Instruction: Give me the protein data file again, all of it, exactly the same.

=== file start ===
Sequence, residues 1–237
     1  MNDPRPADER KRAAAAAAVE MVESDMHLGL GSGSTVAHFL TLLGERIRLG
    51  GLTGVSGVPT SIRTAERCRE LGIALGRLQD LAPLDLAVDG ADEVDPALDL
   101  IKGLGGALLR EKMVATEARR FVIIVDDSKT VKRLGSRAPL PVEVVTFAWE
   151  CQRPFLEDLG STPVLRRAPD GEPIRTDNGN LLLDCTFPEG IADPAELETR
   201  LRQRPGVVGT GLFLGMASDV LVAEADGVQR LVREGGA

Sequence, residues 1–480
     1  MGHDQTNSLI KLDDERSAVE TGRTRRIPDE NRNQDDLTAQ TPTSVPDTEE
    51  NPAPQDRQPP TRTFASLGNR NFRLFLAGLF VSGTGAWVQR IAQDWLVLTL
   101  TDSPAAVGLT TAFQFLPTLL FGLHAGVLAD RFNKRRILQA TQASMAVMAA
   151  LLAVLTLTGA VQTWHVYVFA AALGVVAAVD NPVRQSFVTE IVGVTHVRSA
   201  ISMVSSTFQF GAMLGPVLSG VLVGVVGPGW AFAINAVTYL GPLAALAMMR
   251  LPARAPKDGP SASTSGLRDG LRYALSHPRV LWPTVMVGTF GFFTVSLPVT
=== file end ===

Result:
Sequence, residues 1–237
     1  MNDPRPADER KRAAAAAAVE MVESDMHLGL GSGSTVAHFL TLLGERIRLG
    51  GLTGVSGVPT SIRTAERCRE LGIALGRLQD LAPLDLAVDG ADEVDPALDL
   101  IKGLGGALLR EKMVATEARR FVIIVDDSKT VKRLGSRAPL PVEVVTFAWE
   151  CQRPFLEDLG STPVLRRAPD GEPIRTDNGN LLLDCTFPEG IADPAELETR
   201  LRQRPGVVGT GLFLGMASDV LVAEADGVQR LVREGGA

Sequence, residues 1–480
     1  MGHDQTNSLI KLDDERSAVE TGRTRRIPDE NRNQDDLTAQ TPTSVPDTEE
    51  NPAPQDRQPP TRTFASLGNR NFRLFLAGLF VSGTGAWVQR IAQDWLVLTL
   101  TDSPAAVGLT TAFQFLPTLL FGLHAGVLAD RFNKRRILQA TQASMAVMAA
   151  LLAVLTLTGA VQTWHVYVFA AALGVVAAVD NPVRQSFVTE IVGVTHVRSA
   201  ISMVSSTFQF GAMLGPVLSG VLVGVVGPGW AFAINAVTYL GPLAALAMMR
   251  LPARAPKDGP SASTSGLRDG LRYALSHPRV LWPTVMVGTF GFFTVSLPVT